Return to Proposal Finder FY 1999 Proposal 9153

Proposal Table of Contents

Additional Documents

Section 1. General Administrative information
Section 2. Past accomplishments
Section 3. Relationships to other projects
Section 4. Objectives, tasks and schedules
Section 5. Budget
Section 6. References
Section 7. Abstract

Reviews and Recommendations
Title Type File Size File Date


Section 1. General Administrative Information

Title of Project Proposal Preserve Cryogenically the Gametes of selected Mid-Columbia Salmonid stocks
BPA Project Proposal Number 9153
Business name of agency, institution,
or organization requesting funding
Columbia River Inter-Tribal Fish Commission
Business acronym (if appropriate) CRITFC
 

Proposal contact person or principal investigator

Name Keith M. Hatch
Mailing Address 729 NE Oregon St., Suite 200
City, State, Zip Portland, OR 97232
Phone 5037311303
Fax 5032354228
E-mail fishsci@hevanet.com
 
Manager of program authorizing this project
 
Review Cycle FY 1999
Province Lower Mid-Columbia
Subbasin Deschutes
 
Short Description Collect and cryogenically preserve the gametes of fall chinook and/or steelhead from the Upper Columbia and possibly the Deschute River. Transfer these gametes to a recognized qualified salmon gene banking facility.
Target Species


Project Location

[No information]


Reasonable and Prudent Alternatives (RPAs)

Sponsor-Reported Relevant RPAs

Sponsor listed no RPAs for this project proposal

Relevant RPAs based upon NMFS & BPA Review

NMFS and BPA did not associate any reasonable and prudent alternatives with this project proposal


NPPC Program Measure Number(s) which this project addresses:
FWS/NMFS Biological Opinion Number(s) which this project addresses:
Other Planning Document References


CBFWA-Generated Information

Database Administrator notes on the history of this proposal form: None
Type of Project (assigned by CBFWA Analysts): anadromous


Section 2. Past Accomplishments

n/a or no information


Section 3. Relationships to Other Projects

n/a or no information


Section 4. Objectives, Tasks and Schedules

Objectives and Tasks

Objective Task
1. Coordinate initial steelhead and chinook salmon gamete preservation efforts with management agencies and Tribes in the Mid-Columbia region a. Coordinate planned chinook salmon gamete preservation activities with state and Tribal management agencies.
. b. Request and integrate agency and Tribal input into the selection of chinook and steelhead populations abundant enough to assure the success of Objective 4.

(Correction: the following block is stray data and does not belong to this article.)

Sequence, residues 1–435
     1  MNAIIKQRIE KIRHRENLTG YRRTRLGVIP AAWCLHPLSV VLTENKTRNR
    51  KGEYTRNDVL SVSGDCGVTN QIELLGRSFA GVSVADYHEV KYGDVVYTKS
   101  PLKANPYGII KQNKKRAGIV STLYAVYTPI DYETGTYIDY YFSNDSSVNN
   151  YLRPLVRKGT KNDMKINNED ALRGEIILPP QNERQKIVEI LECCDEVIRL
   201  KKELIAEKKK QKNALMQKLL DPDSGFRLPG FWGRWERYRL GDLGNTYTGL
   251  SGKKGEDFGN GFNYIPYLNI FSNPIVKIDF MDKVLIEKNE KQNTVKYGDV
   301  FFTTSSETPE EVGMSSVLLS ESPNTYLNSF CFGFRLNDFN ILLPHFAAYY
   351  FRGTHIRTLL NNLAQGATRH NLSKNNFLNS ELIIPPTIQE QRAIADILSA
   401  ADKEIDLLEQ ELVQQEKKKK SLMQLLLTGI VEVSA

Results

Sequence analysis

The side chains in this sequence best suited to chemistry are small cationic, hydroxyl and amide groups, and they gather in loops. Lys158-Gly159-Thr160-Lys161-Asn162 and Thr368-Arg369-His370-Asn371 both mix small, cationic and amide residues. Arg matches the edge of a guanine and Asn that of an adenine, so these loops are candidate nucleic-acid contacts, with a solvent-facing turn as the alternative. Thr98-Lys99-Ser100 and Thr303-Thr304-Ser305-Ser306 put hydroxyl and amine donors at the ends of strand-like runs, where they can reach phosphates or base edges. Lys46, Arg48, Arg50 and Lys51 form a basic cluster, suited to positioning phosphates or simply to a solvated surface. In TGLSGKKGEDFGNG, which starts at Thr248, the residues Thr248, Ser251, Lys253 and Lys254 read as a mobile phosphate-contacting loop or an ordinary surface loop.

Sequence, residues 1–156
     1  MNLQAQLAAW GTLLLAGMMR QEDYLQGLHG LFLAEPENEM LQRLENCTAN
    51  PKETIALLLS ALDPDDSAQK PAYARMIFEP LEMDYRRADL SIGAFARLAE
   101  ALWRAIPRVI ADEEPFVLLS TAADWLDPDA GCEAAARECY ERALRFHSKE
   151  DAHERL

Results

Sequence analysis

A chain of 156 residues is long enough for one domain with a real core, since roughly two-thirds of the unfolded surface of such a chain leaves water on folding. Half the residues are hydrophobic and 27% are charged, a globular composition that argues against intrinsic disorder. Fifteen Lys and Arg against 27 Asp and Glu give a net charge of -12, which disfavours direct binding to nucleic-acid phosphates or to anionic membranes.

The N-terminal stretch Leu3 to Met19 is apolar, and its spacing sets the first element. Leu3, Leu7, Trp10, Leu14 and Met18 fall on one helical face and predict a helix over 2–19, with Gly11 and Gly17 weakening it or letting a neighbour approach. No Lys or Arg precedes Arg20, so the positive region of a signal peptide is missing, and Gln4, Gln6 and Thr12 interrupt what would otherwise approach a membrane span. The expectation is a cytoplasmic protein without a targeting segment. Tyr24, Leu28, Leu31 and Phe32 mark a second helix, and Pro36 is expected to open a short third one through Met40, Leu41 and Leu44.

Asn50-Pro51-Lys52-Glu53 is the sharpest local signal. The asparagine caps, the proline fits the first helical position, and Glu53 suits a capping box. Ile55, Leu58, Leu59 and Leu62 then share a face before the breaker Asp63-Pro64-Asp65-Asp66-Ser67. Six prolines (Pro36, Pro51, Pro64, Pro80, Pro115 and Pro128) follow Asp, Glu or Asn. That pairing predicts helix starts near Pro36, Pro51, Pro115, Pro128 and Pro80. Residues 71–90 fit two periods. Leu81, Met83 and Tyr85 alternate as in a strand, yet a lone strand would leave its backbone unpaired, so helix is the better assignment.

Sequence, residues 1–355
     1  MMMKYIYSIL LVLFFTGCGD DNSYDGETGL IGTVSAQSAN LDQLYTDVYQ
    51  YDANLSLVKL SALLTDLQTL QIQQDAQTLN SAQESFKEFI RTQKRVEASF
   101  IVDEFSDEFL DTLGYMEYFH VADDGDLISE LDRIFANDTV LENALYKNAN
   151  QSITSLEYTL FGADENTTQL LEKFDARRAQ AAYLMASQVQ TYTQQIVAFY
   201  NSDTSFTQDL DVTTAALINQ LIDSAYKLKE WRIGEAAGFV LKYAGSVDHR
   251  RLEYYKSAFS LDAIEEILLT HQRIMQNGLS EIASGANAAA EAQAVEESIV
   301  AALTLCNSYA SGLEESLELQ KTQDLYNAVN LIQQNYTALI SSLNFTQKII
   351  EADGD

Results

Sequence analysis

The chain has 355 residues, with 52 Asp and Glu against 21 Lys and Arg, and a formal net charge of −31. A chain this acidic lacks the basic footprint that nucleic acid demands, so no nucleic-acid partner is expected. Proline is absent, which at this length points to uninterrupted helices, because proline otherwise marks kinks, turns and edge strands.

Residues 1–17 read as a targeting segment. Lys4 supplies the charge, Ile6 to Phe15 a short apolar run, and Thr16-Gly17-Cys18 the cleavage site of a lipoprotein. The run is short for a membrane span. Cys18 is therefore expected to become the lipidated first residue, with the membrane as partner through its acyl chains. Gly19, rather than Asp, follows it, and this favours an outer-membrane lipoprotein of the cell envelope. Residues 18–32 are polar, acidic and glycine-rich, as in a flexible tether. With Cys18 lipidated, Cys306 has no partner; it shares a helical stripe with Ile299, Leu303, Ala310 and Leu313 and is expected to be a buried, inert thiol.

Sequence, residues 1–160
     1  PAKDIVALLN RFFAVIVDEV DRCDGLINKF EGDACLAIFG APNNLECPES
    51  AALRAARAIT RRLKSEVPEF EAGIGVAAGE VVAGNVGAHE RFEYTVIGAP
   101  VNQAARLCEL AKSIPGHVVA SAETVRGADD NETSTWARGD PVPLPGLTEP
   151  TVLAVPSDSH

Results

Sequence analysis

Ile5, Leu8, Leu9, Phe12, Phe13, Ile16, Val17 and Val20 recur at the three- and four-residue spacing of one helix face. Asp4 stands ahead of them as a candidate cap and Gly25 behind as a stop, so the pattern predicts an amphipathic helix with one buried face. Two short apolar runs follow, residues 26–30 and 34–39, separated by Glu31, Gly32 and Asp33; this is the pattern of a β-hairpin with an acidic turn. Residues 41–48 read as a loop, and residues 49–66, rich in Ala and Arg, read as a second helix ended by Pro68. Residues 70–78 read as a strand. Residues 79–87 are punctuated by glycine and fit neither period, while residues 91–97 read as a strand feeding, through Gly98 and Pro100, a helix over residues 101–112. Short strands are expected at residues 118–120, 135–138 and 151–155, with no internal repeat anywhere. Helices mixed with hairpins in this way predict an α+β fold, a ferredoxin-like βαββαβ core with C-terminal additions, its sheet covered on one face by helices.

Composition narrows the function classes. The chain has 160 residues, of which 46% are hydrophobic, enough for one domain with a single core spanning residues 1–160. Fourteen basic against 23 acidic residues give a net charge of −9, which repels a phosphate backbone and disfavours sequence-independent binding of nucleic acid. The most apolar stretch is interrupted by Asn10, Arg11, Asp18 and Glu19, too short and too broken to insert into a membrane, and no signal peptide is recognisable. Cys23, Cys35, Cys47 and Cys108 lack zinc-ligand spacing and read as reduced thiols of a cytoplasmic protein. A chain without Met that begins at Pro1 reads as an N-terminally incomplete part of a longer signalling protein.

. c. Coordinate with ongoing cryopreservation research and sampling activities.
2. Define cryopreservation project goals for gene banking of gametes from healthy chinook and steelhead populations in the Mid-Columbia region. a. Determine chinook and steelhead populations for germplasm sampling.
. b. Review the literature and apply finding to adjust the sample sizes of Task 3.1 to those required to preserve a representative sample of the genetic diversity within the selected populations.
. c. Assess the shortening of the range of time (years) needed to complete cryopreservation collections so that sufficient directly non-related individual genetic material is preserved.
3. Apply cryopreservation techniques to chinook and steelhead salmon conservation units at high and or mid levels of abundance. a. Follow adult sampling protocols & cryopreservation techniques for collection, preservation, storage & inventory of male salmon germplasm. Collect detailed biological information on the source individuals which provide the cyropreserved materials.
. b. Cryopreserve adult male chinook salmon gametes from conservation units identified as being at high levels of abundance. Assess the quality of the collections by conducting fertility tests.
. c. To securely store the collected materials, contract with interim, and then permanent recognized salmonid gene banks in at least two independent locations.
. d. Preserve gamete samples on-site or at the identified independent locations.
4. Transfer of Technology. a. Subcontract for participation of 2 tribal fish agencies in collection of salmon milt in the field. Encourage other fish agencies to visit & assess applications of techniques in other areas. Prepare and provide annual reports.